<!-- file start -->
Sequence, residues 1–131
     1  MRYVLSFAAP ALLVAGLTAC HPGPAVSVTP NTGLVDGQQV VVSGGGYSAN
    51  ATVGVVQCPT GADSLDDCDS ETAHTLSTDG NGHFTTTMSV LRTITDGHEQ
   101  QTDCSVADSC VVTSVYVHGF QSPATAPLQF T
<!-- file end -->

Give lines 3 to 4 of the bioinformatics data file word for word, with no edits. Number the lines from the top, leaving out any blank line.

    51  ATVGVVQCPT GADSLDDCDS ETAHTLSTDG NGHFTTTMSV LRTITDGHEQ
   101  QTDCSVADSC VVTSVYVHGF QSPATAPLQF T